So what’s going on at Griffin Park as bemused Brentford supporters anxiously await the puff of white smoke that will finally confirm the departure of Andre Gray and the inevitable conclusion to what has developed into a never ending saga that has dragged on for several weeks now?
On the face of it the evidence is damning as Gray will be just one more addition to what now seems to be a massive and increasing exodus of players from Griffin Park since the end of last season.
Alex Pritchard, Jon Toral, Richard Lee, Tommy Smith, Alfie Mawson, Nick Proschwitz, Will Grigg, Stuart Dallas, Tony Craig, Jonathan Douglas, Moses Odubajo are the others who are no longer with us, and there have now been massive changes and upheavals to the settled squad that ended the season just a few short months ago in May.
However it is only when you look at all the departures in greater detail and analyse the reason for each one that you can obtain a full understanding of what has been going on.
Richard Lee retired as also did Kevin O’Connor and Smith and Proschwitz were both deemed surplus to our requirements. Grigg too was not thought to be the answer to our needs up front despite his rehabilitation at MK Dons last season and to obtain a cool million pounds from Wigan for a player who has never found his feet at our club was surely good business on our part – if not an inspired purchase in the first place.
Alex Pritchard’s future was simply out of our hands as the loanee returned in triumph to his parent club, Spurs. Would that we were able to find a way to spirit him back to Griffin Park as his influence is sadly missed which is hardly surprising given how talented he is and how effective he was at playing the killer pass that opened up the opposition defence.
Jon Toral also returned to Arsenal after his loan spell, although there were certainly rumours that we had tried to retain his services either on loan or a permanent basis and I confess that it came as a real surprise to me when he joined Birmingham. It is open to question whether he would have played sufficiently often for us as a loan player to have kept Arsenal happy but I was half-expecting that he would become a permanent Brentford player as he would have been an excellent addition to the squad.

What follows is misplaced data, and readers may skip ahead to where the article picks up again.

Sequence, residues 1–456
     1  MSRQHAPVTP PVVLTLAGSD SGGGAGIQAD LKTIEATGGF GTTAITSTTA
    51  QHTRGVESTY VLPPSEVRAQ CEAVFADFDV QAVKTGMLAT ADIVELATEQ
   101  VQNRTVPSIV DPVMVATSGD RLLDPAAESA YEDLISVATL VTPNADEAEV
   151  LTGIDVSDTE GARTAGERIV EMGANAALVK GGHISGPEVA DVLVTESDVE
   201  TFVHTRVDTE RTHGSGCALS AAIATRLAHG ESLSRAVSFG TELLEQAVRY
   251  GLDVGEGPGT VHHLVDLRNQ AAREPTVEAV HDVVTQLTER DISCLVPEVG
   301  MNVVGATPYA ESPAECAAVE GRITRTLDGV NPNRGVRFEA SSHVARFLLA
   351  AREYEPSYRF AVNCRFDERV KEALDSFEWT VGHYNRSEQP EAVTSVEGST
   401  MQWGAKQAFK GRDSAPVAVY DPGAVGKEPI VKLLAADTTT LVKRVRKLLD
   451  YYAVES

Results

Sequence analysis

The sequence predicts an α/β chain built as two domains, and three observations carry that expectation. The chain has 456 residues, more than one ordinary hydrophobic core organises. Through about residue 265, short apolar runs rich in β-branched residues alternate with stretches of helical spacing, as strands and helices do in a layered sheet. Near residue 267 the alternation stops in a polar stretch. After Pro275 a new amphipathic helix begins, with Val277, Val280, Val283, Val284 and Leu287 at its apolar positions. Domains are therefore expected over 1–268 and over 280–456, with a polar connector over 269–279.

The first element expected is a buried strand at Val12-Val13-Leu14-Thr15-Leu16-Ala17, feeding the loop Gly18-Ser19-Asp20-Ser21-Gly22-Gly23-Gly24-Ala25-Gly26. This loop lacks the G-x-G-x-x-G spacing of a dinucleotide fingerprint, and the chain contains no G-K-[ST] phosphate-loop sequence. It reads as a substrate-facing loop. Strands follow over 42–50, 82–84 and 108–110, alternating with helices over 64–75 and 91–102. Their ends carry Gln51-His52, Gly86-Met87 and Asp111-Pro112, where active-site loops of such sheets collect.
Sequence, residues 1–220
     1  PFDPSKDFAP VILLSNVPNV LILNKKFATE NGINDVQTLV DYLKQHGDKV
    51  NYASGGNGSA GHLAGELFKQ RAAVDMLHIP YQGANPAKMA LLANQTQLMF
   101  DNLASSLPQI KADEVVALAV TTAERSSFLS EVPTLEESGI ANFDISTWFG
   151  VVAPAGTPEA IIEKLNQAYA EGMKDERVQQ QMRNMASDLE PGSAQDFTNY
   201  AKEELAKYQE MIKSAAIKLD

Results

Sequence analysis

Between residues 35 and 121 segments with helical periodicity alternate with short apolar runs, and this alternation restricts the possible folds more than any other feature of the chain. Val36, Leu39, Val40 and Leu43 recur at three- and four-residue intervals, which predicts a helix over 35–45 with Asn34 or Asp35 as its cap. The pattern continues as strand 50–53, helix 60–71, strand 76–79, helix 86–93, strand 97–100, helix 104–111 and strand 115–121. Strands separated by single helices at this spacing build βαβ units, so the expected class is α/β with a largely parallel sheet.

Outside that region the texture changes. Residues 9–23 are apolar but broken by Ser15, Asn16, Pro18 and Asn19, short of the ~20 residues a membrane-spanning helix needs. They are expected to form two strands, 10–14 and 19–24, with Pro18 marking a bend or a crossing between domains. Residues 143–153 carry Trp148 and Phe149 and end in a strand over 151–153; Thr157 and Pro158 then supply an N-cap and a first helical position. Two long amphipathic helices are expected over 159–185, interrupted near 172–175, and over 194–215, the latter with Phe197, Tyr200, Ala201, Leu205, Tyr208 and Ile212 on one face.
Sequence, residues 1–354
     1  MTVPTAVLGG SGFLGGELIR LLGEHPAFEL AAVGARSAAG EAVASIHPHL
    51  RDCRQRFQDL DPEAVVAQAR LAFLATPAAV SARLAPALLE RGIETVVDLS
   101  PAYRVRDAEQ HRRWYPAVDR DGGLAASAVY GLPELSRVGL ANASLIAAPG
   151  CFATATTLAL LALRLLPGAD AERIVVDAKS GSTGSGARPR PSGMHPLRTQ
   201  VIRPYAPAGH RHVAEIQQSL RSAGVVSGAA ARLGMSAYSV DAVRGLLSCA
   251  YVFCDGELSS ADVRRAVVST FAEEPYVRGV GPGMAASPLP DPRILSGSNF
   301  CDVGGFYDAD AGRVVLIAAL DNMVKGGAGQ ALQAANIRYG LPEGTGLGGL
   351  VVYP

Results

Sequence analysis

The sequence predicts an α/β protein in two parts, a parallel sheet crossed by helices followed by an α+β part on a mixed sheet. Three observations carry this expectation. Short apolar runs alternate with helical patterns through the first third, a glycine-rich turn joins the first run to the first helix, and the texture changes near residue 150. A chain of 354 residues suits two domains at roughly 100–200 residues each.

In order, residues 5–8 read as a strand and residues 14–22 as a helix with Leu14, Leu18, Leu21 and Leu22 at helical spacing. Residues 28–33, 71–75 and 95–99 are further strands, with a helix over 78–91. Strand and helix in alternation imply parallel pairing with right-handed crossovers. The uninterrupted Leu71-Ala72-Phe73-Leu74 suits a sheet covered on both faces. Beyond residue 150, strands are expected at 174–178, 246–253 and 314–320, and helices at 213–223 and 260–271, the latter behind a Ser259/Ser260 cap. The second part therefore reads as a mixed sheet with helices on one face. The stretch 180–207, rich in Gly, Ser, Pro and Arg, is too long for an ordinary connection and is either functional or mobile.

Alfie Mawson simply and understandably felt that he would not get a look-in at Griffin Park and joined Barnsley for whom he scored his first goal at Millwall on Tuesday night.
Stuart Dallas was another who felt that he would receive more opportunities elsewhere given that he was seen more as a valuable substitute rather than as an automatic first choice at Brentford. The fee of around one and a quarter million pounds represented a massive return on the sum paid by the club to Crusaders but I suspect that his value might well increase in coming years as he gains more experience, and hopefully our interests are protected with a sell-on clause.
The Jonathan Douglas situation has been discussed to death on message boards recently and I would agree that his influence was waning on the pitch and that he was unlikely to reconcile himself to becoming a bit part player. His departure was therefore the best solution for all parties although I still feel that he has yet to be replaced adequately particularly given Josh McEachran’s injury. Tony Craig was another who needed to leave with our gratitude for services rendered over the past three years.
Our hands were then completely tied regarding the loss of star fullback Moses Odubajo to Hull City as a three and a half million pound release clause had been inserted into his contract in order to ensure that he joined us in the first place from Leyton Orient a year ago, at a time when bigger fish were also sniffing around him.
Hull offered us the money and we could not get anywhere close to competing with them in terms of the wages they were able to offer him given the income they have received from their spell in the Premier League plus the massive parachute payments they are currently in receipt of.
It pains me to admit it but we are still small fry and remain well down the football totem pole. We are totally stymied and our growth is restricted by the limited capacity and lack of resources of Griffin Park and I understand that our income is in the bottom three of all twenty-four Championship teams.
No wonder we are losing our stars to clubs who can pay them better. We might say that we are bigger than say Hull City or even Bristol City, but we are deluding ourselves to even think that that is really the case. Maybe in years to come once we have moved into our new stadium at Lionel Road and reached the Premier League, or even stabilised in the top half of the Championship, we can then match what is being offered by others to our top players but for the time being we simply have to accept facts as they are.
We are on more than a stepping stone and a proving ground where players receive a platform and the necessary support and encouragement to thrive, shine and improve. The best of them will then be picked off by bigger clubs than us who will certainly offer higher wages and perhaps even a better professional opportunity.